The Latinx Diabetes Initiative Provides Culturally Tailored Care To Latinx Patients With Diabetes
Editor’s Note: Latinx Heritage Month, a month recognizing the contributions and influence of Hispanic Americans in the United States, takes place every year from September 15 to October 15. The 15th day is significant because it signifies the anniversary of independence for several Latin American countries, including Guatemala, Honduras, Nicaragua, Costa Rica, and El Salvador. In honor of Latinx Heritage Month, Beyond Type 1 interviewed Latinx leaders working to advance diabetes management and health access not only in the U.S., but globally. Latinx is a gender-neutral term for people of Latin American cultural or ethnic identity. If you or someone you know needs them,Beyond Type 1 offers all of our resources and materials in Spanish at es.beyondtype2.org.
Andreina Millan Ferro serves as the clinical healthcare solutions manager at Joslin Diabetes Center’s Latinx Diabetes Initiative, a program designed to provide high quality and culturally appropriate care to Latinx patients with diabetes.
Since 2005, Millan Ferro has made diabetes care more accessible for Latinx patients by supporting bilingual programming and education efforts. The bilingual clinic and education program is supported by Millan Ferro and a team of diabetes specialists, kidney specialists, nurse practitioners, certified diabetes educators, and registered nurses, where they weave culturally tailored care into the fold of their work.
Beyond Type 1: What programs does the Latinx Diabetes Initiative offer? What impact has it made on the community?
Andreina: A big part of coming to Joslin is that we provide [diabetes] education at all times. Patients may go to see the diabetes doctor at a place where they may not have access [to other providers]… We function in teams where they have access to everything in one place. A patient may see their diabetes doctor and then right after, they will connect with the educator as well.
Because of COVID, we cannot do the same type of things we have traditionally done. We have always given patients the opportunity to come in person to have appointments. You can be seen by an endocrinologist, ophthalmologist, kidney doctor, dietician, exercise physiologist, nurse educator, or nurse practitioner. Because of COVID, our entire team is working to see patients in-person or remotely (video or phone visits) depending on the needs of the patient.
What have been some highlights and challenges in serving the Latinx population?
So our community has many challenges. We [Latinx people] are at higher risk to develop diabetes, particularly Type 2. Once we develop diabetes, we are more likely to have a higher A1cs and diabetes complications. We try to help the patient achieve the goal of living a healthy life with diabetes. When we do that, it means trying to navigate the system with the patient to break those barriers that we know commonly exists. That could be food insecurity, helping them find affordable medications they can include in their budget, and helping them understand how to shop for medicines.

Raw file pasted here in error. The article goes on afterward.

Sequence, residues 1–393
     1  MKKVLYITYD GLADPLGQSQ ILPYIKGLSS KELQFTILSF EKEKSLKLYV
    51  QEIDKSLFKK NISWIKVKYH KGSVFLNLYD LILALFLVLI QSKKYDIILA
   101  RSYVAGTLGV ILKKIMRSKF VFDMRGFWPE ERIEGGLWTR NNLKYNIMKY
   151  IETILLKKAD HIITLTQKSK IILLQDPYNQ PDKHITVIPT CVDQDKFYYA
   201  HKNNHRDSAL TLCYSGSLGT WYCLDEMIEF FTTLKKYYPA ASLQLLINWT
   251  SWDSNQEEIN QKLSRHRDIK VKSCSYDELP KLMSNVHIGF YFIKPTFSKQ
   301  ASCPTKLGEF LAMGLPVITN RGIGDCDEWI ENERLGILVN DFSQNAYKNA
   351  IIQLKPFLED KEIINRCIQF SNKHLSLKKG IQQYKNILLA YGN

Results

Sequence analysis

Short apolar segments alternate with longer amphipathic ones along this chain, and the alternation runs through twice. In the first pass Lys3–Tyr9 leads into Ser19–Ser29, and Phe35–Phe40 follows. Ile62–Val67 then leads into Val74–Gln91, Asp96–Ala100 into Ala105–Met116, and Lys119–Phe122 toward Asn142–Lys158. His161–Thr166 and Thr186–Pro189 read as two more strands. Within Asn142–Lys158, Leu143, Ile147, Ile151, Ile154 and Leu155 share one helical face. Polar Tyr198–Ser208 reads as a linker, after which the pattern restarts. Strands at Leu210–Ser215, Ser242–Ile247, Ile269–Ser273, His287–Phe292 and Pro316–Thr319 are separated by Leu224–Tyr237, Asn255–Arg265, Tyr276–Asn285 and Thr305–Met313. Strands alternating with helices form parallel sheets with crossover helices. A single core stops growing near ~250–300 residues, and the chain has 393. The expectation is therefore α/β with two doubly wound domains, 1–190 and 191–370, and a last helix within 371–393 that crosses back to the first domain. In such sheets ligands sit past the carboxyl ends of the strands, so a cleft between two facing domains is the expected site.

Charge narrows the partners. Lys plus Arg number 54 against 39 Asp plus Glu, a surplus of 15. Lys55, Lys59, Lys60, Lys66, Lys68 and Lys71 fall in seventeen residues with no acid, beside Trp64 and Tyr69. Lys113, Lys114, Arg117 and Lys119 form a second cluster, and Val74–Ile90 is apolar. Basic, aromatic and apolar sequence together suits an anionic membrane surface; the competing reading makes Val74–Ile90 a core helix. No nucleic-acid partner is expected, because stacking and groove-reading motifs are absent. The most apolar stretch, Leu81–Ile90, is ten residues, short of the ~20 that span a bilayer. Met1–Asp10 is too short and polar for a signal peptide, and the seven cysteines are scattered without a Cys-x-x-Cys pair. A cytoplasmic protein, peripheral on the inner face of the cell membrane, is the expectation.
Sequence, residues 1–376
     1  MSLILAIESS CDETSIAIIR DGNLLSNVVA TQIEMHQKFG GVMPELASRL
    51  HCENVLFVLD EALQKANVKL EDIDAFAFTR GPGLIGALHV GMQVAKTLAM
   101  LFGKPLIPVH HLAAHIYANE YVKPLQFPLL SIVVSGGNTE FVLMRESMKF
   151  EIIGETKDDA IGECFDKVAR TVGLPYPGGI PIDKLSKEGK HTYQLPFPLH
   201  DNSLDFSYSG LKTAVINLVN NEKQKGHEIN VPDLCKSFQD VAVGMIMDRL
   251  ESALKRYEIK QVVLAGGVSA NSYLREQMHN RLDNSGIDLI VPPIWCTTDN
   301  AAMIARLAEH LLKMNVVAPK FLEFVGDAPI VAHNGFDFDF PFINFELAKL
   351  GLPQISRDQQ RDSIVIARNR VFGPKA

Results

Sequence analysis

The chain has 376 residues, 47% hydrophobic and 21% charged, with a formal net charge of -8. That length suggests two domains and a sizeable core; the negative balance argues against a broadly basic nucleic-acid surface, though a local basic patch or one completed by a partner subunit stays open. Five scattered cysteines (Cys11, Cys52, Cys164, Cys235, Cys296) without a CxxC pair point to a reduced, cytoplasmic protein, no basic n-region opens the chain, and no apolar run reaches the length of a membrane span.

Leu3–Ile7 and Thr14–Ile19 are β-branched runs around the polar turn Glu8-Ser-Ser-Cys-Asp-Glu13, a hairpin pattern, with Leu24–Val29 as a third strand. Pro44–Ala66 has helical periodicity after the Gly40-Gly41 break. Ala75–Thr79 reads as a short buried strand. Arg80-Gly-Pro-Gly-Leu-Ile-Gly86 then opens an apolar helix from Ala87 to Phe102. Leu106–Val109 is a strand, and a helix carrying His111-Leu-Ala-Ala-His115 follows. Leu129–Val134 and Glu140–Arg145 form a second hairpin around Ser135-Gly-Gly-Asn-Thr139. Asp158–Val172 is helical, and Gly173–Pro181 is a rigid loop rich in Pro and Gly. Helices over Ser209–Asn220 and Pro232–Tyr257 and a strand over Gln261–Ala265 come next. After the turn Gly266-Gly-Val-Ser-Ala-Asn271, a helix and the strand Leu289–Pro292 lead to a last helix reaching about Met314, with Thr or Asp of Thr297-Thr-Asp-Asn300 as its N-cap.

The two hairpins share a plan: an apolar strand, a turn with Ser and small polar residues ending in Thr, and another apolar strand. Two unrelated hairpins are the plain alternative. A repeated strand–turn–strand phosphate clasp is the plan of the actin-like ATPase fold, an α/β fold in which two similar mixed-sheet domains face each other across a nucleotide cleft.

If a patient is a recent immigrant, they may not understand the role that the different healthcare team members have for their care because maybe their countries of origin don’t have nurse practitioners. They may have a different understanding of the role of the nurse and what they can do for me and my care. We try to help them understand that everyone on their team is going to help them in a different way.
As you mentioned, some members of your population are recent immigrants? How are they navigating the health insurance system in the U.S.? What do your efforts look like?
It depends. We see patients from all over Latin America, but we mostly see Caribbean Latinx [people] that come to our area of the country [Massachusetts]. Most patients [are provided a] team of diabetes specialists. In a limited number of cases, we receive referrals of patients without insurance and we help them understand the steps they should follow to apply for health insurance and try to connect them with resources in the community. When you come from another country and have limited English, the process of learning the healthcare system is a challenge.
You have worn many different hats and held a variety of roles. Which role has been your favorite at the Latinx Diabetes Initiative?
I enjoy working with Latino patients the most, working to help them achieve their diabetes goals and their goals in life in general. I am an immigrant myself. It’s kind of like you get to a new place, you need to understand a new environment, a new healthcare system, a new culture. And then it’s like, you are two things. One thing or the other. It’s the process of becoming acculturated to another culture. So when you think about someone from our community that has diabetes, they don’t like to see the dietician because they say, oh, I’m going to see the dietician, but that person is not going to know the things that I eat, for example. It’s not giving up the things that you love. It’s learning how to incorporate those things, and to still have a healthy diabetes life.
What are your goals within the coming years?
The idea is to provide Latino patients with the same opportunities, break those barriers, and provide the same high quality of care through a cultural lens so that we can help patients meet their diabetes care that is attuned with their culture.
If you or someone you know needs them, Beyond Type 2 offers all of our resources and materials in Spanish at es.beyondtype2.org.